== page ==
When Is Surgery Used in Peripheral Artery Disease?

Sometimes you can treat a health problem with a change in diet or the right medicine. Other times, these are helpful, but you still need more.

When you have a really tough case of peripheral artery disease, or PAD, you might need surgery as well.

A Sticky Mix in the Arteries

With PAD, you have plaque build-up in your arteries, the vessels that carry blood from the heart to the rest of your body. The build-up is usually in your legs, but may be in arteries that go to your arms, head, stomach, or kidneys, too. Plaque is a sticky mix of cholesterol, fat, calcium and other substances. This condition might cause leg pain when you exercise, and it can lead to a heart attack or stroke.

If medicine and lifestyle changes haven’t done enough for your PAD, your doctor might suggest one of these things:

  • Angioplasty to widen the artery and let more blood flow through and a stent, or small mesh tube, to help keep the artery open
  • Atherectomy to remove plaque
  • Bypass surgery to send blood around the blockage

Angioplasty and atherectomy aren’t full-blown surgeries. You aren’t given anything to make you sleep during the procedure, and often, you get out of the hospital within 24 hours. But these treatments don’t work for everyone. That’s when you might need bypass surgery.

If you want to be successful in the long term with any of these treatments, stick to healthy lifestyle changes, too. If you’re a smoker, quitting makes it more likely that these treatments will work.

Angioplasty

Angioplasty widens the artery where you have a blockage. Your doctor places a thin, flexible tube, called a catheter, into your artery. The end of the catheter holds a small balloon that doesn’t have air in it.

She slides the tube into place so that the balloon sits right at the blockage. When it fills with air, it breaks up the plaque so your blood can flow more normally.

During the procedure, your doctor may also put in a stent, a small mesh tube that keeps the artery open wide. Some have medicine on them to help keep more build-ups from happening.

Angioplasty takes 1 to 3 hours. You’ll be awake for it, but you’ll get medicine to keep you calm and make sure you don’t feel any pain. You usually stay in the hospital less than 24 hours.

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Atherectomy

This takes out the plaque build-up from your artery. It may be used along with angioplasty to take out hard blockages before the balloon is blown up. It may also be used when angioplasty isn’t possible. This could be because of where the blockage is or because the plaque is too hard.

The doctor also uses a catheter in this procedure. Instead of a balloon on the end, there’s a tiny tool that removes plaque. The tool might be a sharp blade, a grinder, or a laser. As with angioplasty, your doctor may place a stent in your artery to help keep it open.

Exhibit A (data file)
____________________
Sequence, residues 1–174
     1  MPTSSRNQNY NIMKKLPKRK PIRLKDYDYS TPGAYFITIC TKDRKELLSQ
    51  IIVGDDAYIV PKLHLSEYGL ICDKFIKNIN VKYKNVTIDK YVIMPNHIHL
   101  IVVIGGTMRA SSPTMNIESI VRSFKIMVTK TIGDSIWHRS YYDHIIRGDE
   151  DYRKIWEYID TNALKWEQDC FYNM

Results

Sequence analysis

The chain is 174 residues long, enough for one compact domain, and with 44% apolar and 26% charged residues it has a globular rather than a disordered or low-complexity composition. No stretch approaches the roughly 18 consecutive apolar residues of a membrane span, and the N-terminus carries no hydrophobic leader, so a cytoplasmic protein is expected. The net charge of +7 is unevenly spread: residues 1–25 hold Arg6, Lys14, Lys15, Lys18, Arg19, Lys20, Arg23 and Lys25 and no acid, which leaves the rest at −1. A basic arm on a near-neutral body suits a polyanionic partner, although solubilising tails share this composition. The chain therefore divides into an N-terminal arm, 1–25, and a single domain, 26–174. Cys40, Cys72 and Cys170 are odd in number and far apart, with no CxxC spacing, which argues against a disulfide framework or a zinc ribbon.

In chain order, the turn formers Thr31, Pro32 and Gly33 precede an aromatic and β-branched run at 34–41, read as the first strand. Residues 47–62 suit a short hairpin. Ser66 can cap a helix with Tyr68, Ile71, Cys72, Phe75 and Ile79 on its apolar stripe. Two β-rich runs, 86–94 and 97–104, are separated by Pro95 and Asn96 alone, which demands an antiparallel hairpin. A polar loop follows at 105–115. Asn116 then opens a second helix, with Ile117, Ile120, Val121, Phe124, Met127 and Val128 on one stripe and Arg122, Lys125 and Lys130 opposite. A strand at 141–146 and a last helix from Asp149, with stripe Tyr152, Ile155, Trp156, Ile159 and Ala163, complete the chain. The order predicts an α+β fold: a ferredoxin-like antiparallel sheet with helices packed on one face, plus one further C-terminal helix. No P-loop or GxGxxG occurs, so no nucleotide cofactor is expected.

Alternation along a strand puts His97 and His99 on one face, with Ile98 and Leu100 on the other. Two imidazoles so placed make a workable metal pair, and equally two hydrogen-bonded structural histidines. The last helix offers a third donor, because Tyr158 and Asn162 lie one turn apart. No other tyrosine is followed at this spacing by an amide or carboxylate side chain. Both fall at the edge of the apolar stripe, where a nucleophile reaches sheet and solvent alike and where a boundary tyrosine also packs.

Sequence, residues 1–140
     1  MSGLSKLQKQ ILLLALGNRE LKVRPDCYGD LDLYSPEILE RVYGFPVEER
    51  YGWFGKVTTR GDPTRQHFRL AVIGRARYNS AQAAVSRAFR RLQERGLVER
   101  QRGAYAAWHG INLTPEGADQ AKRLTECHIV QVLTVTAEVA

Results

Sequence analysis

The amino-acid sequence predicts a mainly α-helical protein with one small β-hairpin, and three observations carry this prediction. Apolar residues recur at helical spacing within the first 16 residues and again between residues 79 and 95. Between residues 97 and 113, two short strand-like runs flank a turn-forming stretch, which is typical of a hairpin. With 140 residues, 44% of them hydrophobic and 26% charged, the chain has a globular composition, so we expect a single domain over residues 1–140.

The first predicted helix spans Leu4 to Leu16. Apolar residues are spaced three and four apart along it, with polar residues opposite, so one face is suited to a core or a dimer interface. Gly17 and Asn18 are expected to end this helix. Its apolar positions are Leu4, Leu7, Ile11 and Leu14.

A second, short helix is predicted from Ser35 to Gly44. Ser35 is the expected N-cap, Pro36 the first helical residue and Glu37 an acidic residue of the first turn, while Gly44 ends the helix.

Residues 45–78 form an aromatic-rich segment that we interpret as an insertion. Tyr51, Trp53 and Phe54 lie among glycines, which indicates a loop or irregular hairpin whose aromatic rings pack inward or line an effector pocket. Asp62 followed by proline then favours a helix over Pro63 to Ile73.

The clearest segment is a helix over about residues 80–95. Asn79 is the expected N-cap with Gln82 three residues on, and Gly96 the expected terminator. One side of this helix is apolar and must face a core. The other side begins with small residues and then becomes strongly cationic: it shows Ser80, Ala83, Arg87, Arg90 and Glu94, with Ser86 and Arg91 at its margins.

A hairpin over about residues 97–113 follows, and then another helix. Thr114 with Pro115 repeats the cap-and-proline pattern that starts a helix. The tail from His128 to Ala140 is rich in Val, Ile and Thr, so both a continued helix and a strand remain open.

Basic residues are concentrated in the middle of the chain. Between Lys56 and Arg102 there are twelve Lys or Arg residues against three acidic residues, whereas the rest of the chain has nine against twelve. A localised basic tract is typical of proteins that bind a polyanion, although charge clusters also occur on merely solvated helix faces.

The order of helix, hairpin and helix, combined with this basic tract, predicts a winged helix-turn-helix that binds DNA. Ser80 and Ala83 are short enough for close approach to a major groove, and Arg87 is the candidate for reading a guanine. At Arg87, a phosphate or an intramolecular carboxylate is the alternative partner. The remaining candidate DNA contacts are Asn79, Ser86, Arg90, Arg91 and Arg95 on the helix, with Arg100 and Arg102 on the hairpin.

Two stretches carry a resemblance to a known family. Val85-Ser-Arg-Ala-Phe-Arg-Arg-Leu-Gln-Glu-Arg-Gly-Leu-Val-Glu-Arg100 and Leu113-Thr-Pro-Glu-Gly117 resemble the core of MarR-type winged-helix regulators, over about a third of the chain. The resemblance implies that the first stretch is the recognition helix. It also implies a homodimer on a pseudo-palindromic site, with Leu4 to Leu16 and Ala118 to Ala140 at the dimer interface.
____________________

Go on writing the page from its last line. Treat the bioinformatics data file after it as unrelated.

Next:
An atherectomy takes about 2 hours. You’ll be awake, but your doctor will give you medicine to keep you calm and make sure you’re not in pain. Usually, you stay in the hospital 1 to 2 days.

Bypass Surgery

Your doctor may try an angioplasty first, but if you have a very large blockage, you might need the bypass.

This gives your blood a different path to flow through, so it goes around the blockage. It’s like taking a detour around a construction site on a highway. To make this new path, your surgeon may use a vein from another part of your body. Or she might use a special tube made from fabric or plastic.

She attaches one end of the vein or tube to your artery before the blockage and the other end after the blockage. Your blood can now bypass the blockage and flow where it’s needed.

This surgery takes 2 to 5 hours, and you won’t be awake for it. You usually stay in the hospital for 3 to 7 days. When you go home, make sure you understand all the  instructions your doctor has given you.

 

WebMD Medical Reference Reviewed by Suzanne R. Steinbaum, MD on August 22, 2016

Sources

SOURCES:

American Heart Association: “Prevention and Treatment of PAD.”

NIH, National Heart, Lung, and Blood Institute, “Explore Peripheral Artery Disease.”

Harvard Health Publications, Harvard Medical School: “Peripheral Artery Disease.”

Keck School of Medicine of the University of Southern California, Department of Surgery: “Leg Pain and Peripheral Artery Disease (PAD).”

Cleveland Clinic: “PAD: Atherectomy.”

University of California at San Diego Health: “Sample Consultation for Peripheral Artery Disease.”

University of Michigan Health System, Department of Surgery: “Atherectomy.”

University of California, San Francisco Department of Surgery, Division of Vascular and Endovascular Surgery: “Lower Extremity Bypass Surgery.”

Society for Vascular Surgery: “Bypass Surgery.”

 

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